The traditional view of landscape design is a detailed drawing specifying the location of each shrub and flower bed. In truth, each time you bring home a plant from the nursery you are engaging in the design process, either intentionally or unintentionally. Judging from the results I see, there are an awful lot of unintentional designers out there. Many landscapes look like a collection of randomly chosen and haphazardly placed plants. Not only do they lack cohesion, but even worse, the poorly placed plants become liabilities, requiring expensive pest treatments, frequent pruning or complete removal long before they have fulfilled their natural life spans. Although an overall plan is a valuable tool, there’s nothing wrong with designing on the fly. Experienced gardeners do it all the time, usually with great delight. Whichever method you choose, here are a few tips for creating a landscape that stands out from the crowd and minimizes future headaches. Plan for Equipment Access “It’s important to anticipate future access,” advises Liz Dean of New Leaf Landscaping in Durham, N.C., “whether it be mowers or stump grinders, or future building projects such as a porch or patio.” At some point in the life of your home, you will be faced with a project or repair that requires some loud, monstrous machine to get into your backyard. Plan for it in advance, or be faced with having to tear out some of your precious plantings. Start With (and Maintain) the Focal Points Stated simply, a focal point is something that “makes you look,” says Dr. Pat Lindsey, a landscape design professor at North Carolina State University. At its best, however, “it directs you visually and makes you feel surprised, moved or engaged, moving you through the garden experience.” Although we typically think of using a specimen tree or statue as a focal point, there are many other possibilities. Lindsey says the key is to find something that is “slightly to very different from the rest of your landscape in form, texture or color.” It could be an architectural feature of your house or even a borrowed view. The trick is to make them stand out, yet not stick out. It should be somehow connected to the rest of the landscape, either through a repeated shape or color, or a connection to the overall style of the landscape. Scale is also important. If your landscape is several acres with broad vistas, then perhaps an ancient oak would play the role quite well. In a small urban lot, an ornate garden bench or small statue might be the perfect size. Leave Formal Landscapes to the Rich and Famous A formal landscape is one of the most challenging to create, and the upkeep can be arduous. “Symmetry is very difficult to maintain,” notes Dean. If, for example, you have two identical evergreens at the corners of the house and one dies, it could be very difficult to find a matching replacement. “Sometimes,” she continues, “the only choice is to replace both, which adds to the expense.” One of the most common dilemmas is the hedgerow or foundation planting where one or two shrubs have succumbed to a plague. Be wary of putting all your eggs in one basket. Keep Curves in Check Incorporating curves will add interest to your garden, but don’t overdo it. A collection of amoeba-shaped beds would be overkill, as would a curvy path that takes you far out of the way of your destination. Long, subtle curves are often best. Lindsey also advises gardeners to “limit the geometries so that one dominates.” If you incorporate curved lines in beds and walkways, for example, repeat those shapes in the third dimension with the shape of the plants you choose and the way you arrange them. Add Movement A landscape without movement is like a painting. Paintings are fine for hanging on a wall, but a garden needs movement to add life and interest. No garden is complete without some ornamental grasses to sway in the breeze. Add flowers to attract hummingbirds and butterflies, and several berry producers for the birds. Accent Your House Unless your house is an architectural masterpiece, it could benefit from some thoughtful plantings to soften the edges and help it blend with the surroundings. But take care not to end up at the other extreme, a house that is hidden by overgrown shrubbery. Even the smallest starter home usually has some interesting architectural feature. The best design will highlight that feature. Take Nothing for Granted When you live in a place for a while, you tend to accept existing features as obstacles, sometimes without completely noticing them. Rather than designing around the overgrown shrubbery, established trees, or worn-out deck, consider removing them. You may discover new possibilities, such as a sunny spot for a vegetable garden or rose bed. Right Plant, Right Spot On the outside chance that someone reading this has not heard the old adage “right plant, right spot,” I urge you to adopt it as your personal gardening mantra. The phrase should be repeated constantly during each visit to the nursery. In addition to knowing the full-grown size, Liz Dean cautions us to consider growth rate as well. Since they get large more quickly, fast-growing plants may seem like a bargain. In the end, however, time and money spent on pruning and other maintenance may outweigh the initial savings. Dean also observes that “proper spacing allows air circulation to prevent fungal and insect problems.” But won’t the finished landscape look sparse? Easy, she counters, simply “fill in with annuals.” Finally, keep in mind that you needn’t have a five-figure budget to achieve an exceptional landscape. Whether your landscape venture is a two-month multiphase project, or a Saturday trip to the nursery, the key is to select your plants purposefully and place them thoughtfully. The result is sure to bring you years of enjoyment. Paul McKenzie is a horticulture extension agent in Durham, N.C., and has managed the Durham County Master Gardener Volunteer Program. Keep Reading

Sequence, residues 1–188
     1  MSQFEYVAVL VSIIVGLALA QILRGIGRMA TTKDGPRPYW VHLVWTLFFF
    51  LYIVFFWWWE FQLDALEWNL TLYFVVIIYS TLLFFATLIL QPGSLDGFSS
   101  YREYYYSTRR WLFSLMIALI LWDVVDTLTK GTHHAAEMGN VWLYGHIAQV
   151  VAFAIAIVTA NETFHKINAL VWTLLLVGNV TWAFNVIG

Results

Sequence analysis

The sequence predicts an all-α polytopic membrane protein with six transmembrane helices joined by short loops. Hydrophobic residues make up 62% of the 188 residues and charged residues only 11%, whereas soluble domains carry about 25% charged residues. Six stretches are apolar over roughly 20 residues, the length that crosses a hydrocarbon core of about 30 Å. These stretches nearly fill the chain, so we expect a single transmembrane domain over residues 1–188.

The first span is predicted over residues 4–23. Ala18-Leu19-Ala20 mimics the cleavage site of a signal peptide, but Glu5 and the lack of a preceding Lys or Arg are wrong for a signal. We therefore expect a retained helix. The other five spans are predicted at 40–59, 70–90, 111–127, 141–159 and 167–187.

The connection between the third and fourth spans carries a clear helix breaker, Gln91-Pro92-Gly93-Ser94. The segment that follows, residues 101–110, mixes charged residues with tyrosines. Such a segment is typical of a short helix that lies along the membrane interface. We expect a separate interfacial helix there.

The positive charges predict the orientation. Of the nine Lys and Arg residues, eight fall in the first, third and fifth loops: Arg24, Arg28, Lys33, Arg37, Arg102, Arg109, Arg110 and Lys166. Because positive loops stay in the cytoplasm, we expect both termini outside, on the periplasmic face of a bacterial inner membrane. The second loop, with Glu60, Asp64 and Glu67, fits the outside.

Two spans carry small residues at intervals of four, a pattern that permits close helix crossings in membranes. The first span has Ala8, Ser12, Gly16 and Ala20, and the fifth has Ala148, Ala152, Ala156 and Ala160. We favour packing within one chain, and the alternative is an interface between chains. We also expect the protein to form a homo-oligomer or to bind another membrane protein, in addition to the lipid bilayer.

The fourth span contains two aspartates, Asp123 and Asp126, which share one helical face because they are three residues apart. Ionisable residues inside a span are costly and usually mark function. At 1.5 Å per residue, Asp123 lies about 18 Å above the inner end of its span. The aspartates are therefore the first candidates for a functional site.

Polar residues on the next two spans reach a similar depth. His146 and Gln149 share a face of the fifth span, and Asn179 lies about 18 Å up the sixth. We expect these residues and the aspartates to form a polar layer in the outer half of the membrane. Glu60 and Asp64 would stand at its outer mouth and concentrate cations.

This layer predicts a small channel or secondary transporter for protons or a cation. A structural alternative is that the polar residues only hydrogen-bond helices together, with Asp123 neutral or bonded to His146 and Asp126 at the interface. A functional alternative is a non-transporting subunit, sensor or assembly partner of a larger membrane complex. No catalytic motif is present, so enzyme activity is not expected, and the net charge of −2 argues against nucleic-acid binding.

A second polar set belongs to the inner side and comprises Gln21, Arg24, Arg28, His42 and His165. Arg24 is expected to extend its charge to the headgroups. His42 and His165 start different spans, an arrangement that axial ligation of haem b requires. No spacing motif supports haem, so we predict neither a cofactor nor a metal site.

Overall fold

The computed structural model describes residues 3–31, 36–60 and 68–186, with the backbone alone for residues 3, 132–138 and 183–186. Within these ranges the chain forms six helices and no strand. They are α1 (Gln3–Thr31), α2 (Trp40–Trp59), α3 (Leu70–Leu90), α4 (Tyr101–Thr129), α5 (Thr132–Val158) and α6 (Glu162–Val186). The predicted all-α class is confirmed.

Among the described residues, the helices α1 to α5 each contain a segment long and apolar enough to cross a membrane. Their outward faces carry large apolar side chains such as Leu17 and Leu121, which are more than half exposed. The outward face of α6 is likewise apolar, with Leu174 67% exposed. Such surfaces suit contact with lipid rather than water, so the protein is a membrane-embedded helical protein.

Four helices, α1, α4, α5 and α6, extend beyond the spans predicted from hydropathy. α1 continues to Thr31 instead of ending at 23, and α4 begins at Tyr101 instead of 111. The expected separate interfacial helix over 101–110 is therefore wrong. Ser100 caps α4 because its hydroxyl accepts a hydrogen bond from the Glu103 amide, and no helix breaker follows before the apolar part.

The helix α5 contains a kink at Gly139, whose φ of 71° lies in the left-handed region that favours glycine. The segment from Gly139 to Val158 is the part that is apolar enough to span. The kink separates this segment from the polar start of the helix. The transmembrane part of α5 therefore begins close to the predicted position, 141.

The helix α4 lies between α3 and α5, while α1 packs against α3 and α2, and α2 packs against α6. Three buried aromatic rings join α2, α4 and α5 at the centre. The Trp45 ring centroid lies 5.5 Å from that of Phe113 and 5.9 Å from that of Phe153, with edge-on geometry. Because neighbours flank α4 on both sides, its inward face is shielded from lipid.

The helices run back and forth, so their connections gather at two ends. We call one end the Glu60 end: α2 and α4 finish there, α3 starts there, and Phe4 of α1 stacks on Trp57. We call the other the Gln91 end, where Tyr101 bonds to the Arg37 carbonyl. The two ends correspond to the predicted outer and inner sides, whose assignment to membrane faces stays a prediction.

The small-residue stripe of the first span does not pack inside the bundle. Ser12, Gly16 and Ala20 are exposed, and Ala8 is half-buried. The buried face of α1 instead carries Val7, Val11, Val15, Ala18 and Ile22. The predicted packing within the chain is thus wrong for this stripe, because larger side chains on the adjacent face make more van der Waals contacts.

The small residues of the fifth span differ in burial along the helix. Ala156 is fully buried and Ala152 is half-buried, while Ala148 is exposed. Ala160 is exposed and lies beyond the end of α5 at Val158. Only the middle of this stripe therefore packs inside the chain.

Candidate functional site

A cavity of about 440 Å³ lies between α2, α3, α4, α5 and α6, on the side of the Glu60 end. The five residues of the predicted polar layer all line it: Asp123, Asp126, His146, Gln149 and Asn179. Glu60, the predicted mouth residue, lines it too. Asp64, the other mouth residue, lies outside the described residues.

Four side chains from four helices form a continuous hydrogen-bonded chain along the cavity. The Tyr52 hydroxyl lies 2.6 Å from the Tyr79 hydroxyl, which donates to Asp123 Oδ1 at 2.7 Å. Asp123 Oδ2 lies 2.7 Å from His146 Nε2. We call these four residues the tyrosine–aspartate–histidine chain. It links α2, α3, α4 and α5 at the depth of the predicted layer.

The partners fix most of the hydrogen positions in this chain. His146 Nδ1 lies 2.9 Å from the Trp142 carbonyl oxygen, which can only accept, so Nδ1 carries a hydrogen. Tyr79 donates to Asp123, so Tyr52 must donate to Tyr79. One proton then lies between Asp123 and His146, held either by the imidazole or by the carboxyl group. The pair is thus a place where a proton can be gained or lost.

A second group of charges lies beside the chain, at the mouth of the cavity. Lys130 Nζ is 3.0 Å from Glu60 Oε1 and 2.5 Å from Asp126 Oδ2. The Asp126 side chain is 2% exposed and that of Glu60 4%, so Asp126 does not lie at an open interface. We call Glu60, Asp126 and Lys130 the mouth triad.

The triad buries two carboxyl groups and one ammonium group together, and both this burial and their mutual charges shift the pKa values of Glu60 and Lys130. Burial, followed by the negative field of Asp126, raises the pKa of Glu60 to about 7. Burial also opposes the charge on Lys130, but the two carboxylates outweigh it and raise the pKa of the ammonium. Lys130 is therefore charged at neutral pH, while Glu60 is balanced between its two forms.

Landscape Design Basics

Landscape Design Basics
Landscape Design Basics
Landscape Design Basics
Landscape Design Basics
Landscape Design Basics